Talking to children about death is always a delicate subject. More and more children will have faced bereavement and loss due to the pandemic but many adults will avoid talking to children about death, fearing it will make them sad or anxious and wishing to protect them. However, in light of research showing a 35% increase in children being referred to NHS mental health services since 2018/19, having open and honest discussions about death may be the way forward to help young people cope with, and process, loss and to help them realise they are not going through this alone.
Memorials of Distinction spoke to Dr Marianne Trent, Clinical Psychologist and author at Good Thinking Psychology and Carole Henderson, Managing Director at Grief UK about how to approach the topic of death with a young child as well as making the tough decision about whether they should be present at funerals.
Talking to children about death can be challenging and upsetting, especially if you’re grieving. You might want to put it off and wait until the right moment, but the best time is to tell them as soon as you can. If you leave it, they might overhear it or learn about the passing inappropriately. Children are sensitive to changes in the atmosphere and would soon realise that something was wrong. It’s best to tell them early on so that they don’t feel anxious about the energy around them.
The child should be told about the death by someone close to them, such as a family member. It can be a difficult thing to do, and you should have someone nearby to support you through it too. Try and find somewhere where you will not be disturbed, preferably where the child feels comfortable and isn’t being distracted. Try to sit physically close to the child when you’re telling them.
It’s important to use clear words when talking to a child about death. Terms like ‘lost’ or ‘passed away’ may seem more gentle but may confuse the child. It’s best to be honest, and say that their loved one has died. It’s a good idea to ask the child if they understand what that means so that you can build upon their knowledge and understanding of death.
Carole Henderson, Managing Director at Grief UK shares her insight about how children process death and how to broach the subject with young children:
“Few subjects are more terrifying to adults than explaining death to a child. This may be because very few adults have any formal training in understanding how to effectively deal with grief themselves. Following the steps below might help to prepare you as a parent for choosing the right words and how these will be processed”.
Tell Them How You Feel
Dr Marianne Trent, Clinical Psychologist and author at Good Thinking Psychology, shares her exact transcript of what she said to her 4-year old when her own father died, adding:
“I’m sharing this because I think when people are feeling unsure of what to say it can be helpful to see what others have said:
‘Grampy has died baby’
‘Why did he die?’
‘Because he wasn’t very well and so his heart stopped pumping blood to his brain. Then he died’.
‘Like Nonna’s cat did?’
‘Yes Baby. Just the same. She was very unwell too.’
‘She used to wee in the kitchen…..Did Grampy do that?’
‘No Baby. He died in a special kind of hospital where everyone was super kind and very lovely to him. He felt very safe.’
‘Will I die mummy?’
‘Yes Baby. One day you will but most people die when they’re very old. So, I hope by then you’ll have had a long and happy life with sooo many adventures and children and grandchildren if that’s what you choose and loads of holidays and sweets!’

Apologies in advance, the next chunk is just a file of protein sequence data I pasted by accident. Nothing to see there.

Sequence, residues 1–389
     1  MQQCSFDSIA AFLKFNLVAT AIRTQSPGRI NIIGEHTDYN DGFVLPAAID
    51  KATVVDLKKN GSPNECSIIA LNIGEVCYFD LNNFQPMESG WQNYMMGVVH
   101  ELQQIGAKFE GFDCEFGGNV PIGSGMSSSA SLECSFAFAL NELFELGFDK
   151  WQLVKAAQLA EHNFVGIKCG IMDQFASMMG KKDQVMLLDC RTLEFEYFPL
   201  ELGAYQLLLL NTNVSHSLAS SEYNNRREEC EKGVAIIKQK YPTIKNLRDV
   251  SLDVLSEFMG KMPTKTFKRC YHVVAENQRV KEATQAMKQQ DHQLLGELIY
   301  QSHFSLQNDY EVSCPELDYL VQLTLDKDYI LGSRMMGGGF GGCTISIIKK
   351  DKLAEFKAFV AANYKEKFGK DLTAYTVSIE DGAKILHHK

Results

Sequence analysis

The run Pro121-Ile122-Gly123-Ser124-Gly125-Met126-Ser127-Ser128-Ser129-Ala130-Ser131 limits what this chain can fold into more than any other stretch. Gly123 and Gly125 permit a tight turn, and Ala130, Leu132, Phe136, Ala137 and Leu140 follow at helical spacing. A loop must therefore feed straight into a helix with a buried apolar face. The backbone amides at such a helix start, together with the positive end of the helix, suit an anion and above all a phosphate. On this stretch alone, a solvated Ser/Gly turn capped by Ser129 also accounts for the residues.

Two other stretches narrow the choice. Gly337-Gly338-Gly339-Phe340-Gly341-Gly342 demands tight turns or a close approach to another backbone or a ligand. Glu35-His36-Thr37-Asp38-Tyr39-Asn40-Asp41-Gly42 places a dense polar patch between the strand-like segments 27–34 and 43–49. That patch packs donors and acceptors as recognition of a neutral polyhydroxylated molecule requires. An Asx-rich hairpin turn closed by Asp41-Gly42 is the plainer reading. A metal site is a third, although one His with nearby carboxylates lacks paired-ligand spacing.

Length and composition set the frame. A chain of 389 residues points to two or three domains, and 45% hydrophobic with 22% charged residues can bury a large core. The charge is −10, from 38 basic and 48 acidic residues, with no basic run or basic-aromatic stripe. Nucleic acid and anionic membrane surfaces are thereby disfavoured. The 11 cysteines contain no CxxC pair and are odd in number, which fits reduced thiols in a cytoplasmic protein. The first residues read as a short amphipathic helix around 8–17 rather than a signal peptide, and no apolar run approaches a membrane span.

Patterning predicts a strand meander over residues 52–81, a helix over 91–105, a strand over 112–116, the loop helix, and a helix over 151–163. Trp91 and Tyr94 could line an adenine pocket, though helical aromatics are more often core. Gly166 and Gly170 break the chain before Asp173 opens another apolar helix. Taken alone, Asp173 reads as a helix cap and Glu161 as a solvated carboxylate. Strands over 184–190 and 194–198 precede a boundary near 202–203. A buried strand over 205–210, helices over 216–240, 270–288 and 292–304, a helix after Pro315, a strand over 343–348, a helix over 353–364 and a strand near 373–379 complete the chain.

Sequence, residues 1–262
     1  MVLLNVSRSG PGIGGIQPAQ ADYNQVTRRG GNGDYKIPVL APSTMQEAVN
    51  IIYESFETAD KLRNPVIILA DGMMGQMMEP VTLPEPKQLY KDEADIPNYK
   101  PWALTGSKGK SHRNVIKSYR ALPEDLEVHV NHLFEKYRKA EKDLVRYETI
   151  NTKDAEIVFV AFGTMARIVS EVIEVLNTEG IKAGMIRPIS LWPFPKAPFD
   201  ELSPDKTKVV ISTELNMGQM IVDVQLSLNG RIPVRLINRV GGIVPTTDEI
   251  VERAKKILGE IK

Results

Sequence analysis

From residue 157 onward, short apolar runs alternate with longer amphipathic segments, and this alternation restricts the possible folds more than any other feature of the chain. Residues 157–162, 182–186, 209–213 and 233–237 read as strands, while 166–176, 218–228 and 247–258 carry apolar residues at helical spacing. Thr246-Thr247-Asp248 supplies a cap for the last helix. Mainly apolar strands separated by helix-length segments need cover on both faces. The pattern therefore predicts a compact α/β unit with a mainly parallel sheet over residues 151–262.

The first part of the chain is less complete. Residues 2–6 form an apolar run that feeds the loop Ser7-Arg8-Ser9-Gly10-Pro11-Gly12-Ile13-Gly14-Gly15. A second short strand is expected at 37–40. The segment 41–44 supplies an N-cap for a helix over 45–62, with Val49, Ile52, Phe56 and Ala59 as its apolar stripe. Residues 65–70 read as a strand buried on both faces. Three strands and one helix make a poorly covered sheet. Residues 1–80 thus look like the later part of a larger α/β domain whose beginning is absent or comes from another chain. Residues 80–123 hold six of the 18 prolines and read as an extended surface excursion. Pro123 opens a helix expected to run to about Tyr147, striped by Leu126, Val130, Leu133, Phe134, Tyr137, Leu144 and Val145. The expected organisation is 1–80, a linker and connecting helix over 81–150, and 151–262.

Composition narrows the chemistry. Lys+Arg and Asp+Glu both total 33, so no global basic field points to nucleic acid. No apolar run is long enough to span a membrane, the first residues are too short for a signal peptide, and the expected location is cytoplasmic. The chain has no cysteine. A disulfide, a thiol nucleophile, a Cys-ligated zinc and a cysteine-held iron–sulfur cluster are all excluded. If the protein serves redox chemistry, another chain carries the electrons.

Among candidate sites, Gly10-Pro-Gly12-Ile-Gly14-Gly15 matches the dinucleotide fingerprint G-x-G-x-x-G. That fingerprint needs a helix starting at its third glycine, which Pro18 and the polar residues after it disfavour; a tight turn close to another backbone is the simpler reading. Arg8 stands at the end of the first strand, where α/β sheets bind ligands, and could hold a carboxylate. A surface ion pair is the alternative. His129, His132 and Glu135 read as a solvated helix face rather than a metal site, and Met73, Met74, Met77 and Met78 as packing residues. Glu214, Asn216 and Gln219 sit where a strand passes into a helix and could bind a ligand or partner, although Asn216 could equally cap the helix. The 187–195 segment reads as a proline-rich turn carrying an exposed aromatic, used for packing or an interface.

‘Oh yes. Good!’ ‘Mummy…..?’
‘Do you know how my Transformer changes?’
‘No baby because it’s so freaking difficult the cleverest person in the world couldn’t even work it out!’
You can see from my interaction above that death and dying had been a normal part of our conversations whilst my child was growing up. Death is an unavoidable consequence of life and I try to include aspects of it in day-to-day life. If you’re out and about and you see a dead bird or animal, I would talk about it in simple terms. This can be helpful if a sudden death occurs because the child then already has a reference point for death existing.”
It can be difficult to find the right words to comfort a child. You don’t want to say the wrong thing, but you also want to connect with the child and offer support. Finding this balance is challenging if you don’t have the right tools for the job. Carole Henderson, Managing Director at Grief UK shares six common sentiments around loss that have been replaced to help you to help your children to share their feelings in a healthier way.
‘Don’t feel sad’ / ‘It’s ok to feel like that, it’s perfectly normal’
We don’t want others to feel unhappy, so we encourage them to push sad, painful, or negative emotions away to focus on being positive and logical. For example, “Don’t feel down, tomorrow is another day.” The single largest source of emotional confusion in our society stems from the false idea that we somehow should not allow ourselves to experience sad, painful, or negative feelings.
‘Replace the loss’ / Acknowledge their emotions
When a child loses their favourite cuddly toy, a common response is, “Don’t cry, we’ll buy you a new one at the weekend.” This reinforces the idea that if the child replaces the loss, it will fix everything, and they will feel better. In truth, they don’t feel better, they just feel different. There is no need to fix a loss; children should be allowed to feel bad when their hearts are broken, and need to be heard without judgement, criticism, or analysis.
‘Grieve alone’ / It’s safe to talk
Grieving in isolation is a learned behaviour and a result of social conditioning. What’s the first thing you want to do when you get good news? Share it with others! Your natural impulse upon receiving sad or bad news is the same. You want to tell others you trust. But after a lifetime of being told “laugh and the whole world laughs with you, cry and you cry alone” you begin to lose the normal impulse to talk about sad or painful things with those you trust. Instead, encourage your children to talk about how they’re feeling and reassure them that what they’re feeling is normal and natural.